Kings Dominion Coasters Reviewed, Part 2
Earlier this month, I visited Kings Dominion for the first time. With 13 new coasters under my belt, I decided to rank them from least to most favorite. Read the first part of my review here.
While determining which six of Kings Dominion’s coasters were my favorite was relatively straightforward, the specific ranking was a bit more challenging. The positioning of these six was difficult because each are so different. Many of them offer something that the others do not.
Avalanche was my first bobsled coaster. I’ve never been bobsledding, so I had absolutely no idea what to expect. The “off the rails” sensation the coaster gives is unique. The coaster was short but suitable for younger thrill seekers. And if it’s anything like actual bobsledding, sign me up.
5. Backlot Stunt Coaster
I’ve ridden Kings Island’s Backlot Stunt Coaster, so I was familiar with the concept. I really enjoy Premier’s family-friendly launched coasters, and Backlot is no exception. The parking-garage-enclosed helix is forceful yet not dizzying like Intimidator’s (we’ll get to that shortly).
It’s a great coaster for junior coaster riders who aren’t quite ready for the more forceful Flight of Fear or Volcano launches. And although the “Italian Job”-specific elements are gone, I think Cedar Fair has done an excellent job keeping up the non-trademarked aspects of the coaster.
4. Flight of Fear
I don’t think I’ve ridden a Premier “spaghetti bowl” that I didn’t like. I’ve been on outside and enclosed versions of the coasters. The launch is fun, and the twisted mess of steel that is the coaster’s layout is fun and, for the most part, well-paced.
I don’t think I took one photo of Flight of Fear’s entrance or queue. But you can see the ride building behind Volcano in the shot below:
3. Volcano: The Blast Coaster
What a bizarre coaster Volcano is. Kings Dominion beautifully adapted its “Lost World” mountain to feature a one-of-a-kind full-circuit inverted Intamin launch coaster.
If you’ve ever ridden one of Intamin’s Impulse coasters (like Vertical Velocity at Six Flags) and wished the ride was longer, Volcano is your answer.
The coaster’s sixteen-passenger train creeps out of the station into the core of the mountain. The pause and wait before the launch is excruciating. Sweaty hands are almost a given.
The launch is forceful. The train makes a wide turn outside of the mountain before charging back into and out of the top of the volcano like a geyser of lava.
The coaster then circles the mountain making a series of heartline rolls. You’ll definitely want to secure all of your loose articles on this one.
Dominator was the sleeper hit of Kings Dominion. While I knew it was going to be an enjoyable Bolliger & Mabillard floorless-coaster experience, it really exceeded my expectations.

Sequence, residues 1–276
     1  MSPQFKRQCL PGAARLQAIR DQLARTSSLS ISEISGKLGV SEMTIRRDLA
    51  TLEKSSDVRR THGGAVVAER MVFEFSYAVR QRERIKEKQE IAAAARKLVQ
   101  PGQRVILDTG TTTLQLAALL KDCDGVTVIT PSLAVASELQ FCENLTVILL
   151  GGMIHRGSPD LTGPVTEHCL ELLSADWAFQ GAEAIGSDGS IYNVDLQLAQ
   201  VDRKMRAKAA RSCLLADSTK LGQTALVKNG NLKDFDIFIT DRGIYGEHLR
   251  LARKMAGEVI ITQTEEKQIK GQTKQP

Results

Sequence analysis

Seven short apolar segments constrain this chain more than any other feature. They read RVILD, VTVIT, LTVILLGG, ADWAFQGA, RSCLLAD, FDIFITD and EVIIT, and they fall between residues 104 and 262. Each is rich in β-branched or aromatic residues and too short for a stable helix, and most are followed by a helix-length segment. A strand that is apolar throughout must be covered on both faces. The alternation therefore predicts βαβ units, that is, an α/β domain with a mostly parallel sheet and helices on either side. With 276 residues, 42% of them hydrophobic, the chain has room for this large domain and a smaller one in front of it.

The gigantic vertical loop was like roller-coaster candy, and the ensuing banked turn was unusual and refreshing for a B&M coaster.
The cobra roll was standard, as was the interlocking corkscrews. But the ride, even after its move from Geauga Lake, has retained its smoothness. It’s big, fun and very re-rideable. I recommend a front row seat.
1. Intimidator 305
I’ve never ridden a coaster taller than 230 feet. I’ve never ridden a coaster that has been modified after its first season of operation to reduce rider “blackouts.”
I was anxious. For the first time in many years, I was anxious about riding a roller coaster. What does a 300-foot drop feel like? Will I lose consciousness?
I boarded the train, pulled down the new vest-like restraint and waited, adrenaline rushing through my veins.
The train left the station. The ascent to the 305-foot-pinnacle was swift as expected. Don’t expect much time to admire the view.
I was seated near the middle of the train. The 30-story plunge was breathtaking, but the ground-hugging turn that followed exemplified the coaster’s power.
While I didn’t “black out,” my vision did become a bit fuzzy as 5 Gs hammered down on me.
The train is treated to a few camelback hills, but the main attraction at Intimidator 305 is the insane speed and low-to-the-ground turns.
The ride is so fast and forceful that I found it hard to pinpoint exactly where I was in the ride’s layout.
The train whips around the turns like a wild animal set free. There is no down time. There is no chance to catch my breath. I was in for the ride.
The train lurched into to sloped brake run. I couldn’t believe the ride was over. I survived Intimidator 305.
With 5,100 feet of track, the ride is long. Yet it’s over in a flash thanks to the relentless pacing.
I highly recommend giving Intimidator 305 a whirl. You won’t regret it, and you’ll likely want to hop right back in line.
Thanks to the light crowds that thinned even more in the late afternoon, I was able to re-ride Intimidator several times. Like a superhero movie, it requires several viewings (or rides) to fully appreciate this coaster’s power.
Overall, I really enjoyed my day. The park was much more lush and secluded than I envisioned.
See more photos from our day at Kings Dominion here.
What are your favorite coasters at Kings Dominion? Discuss in the comments section below.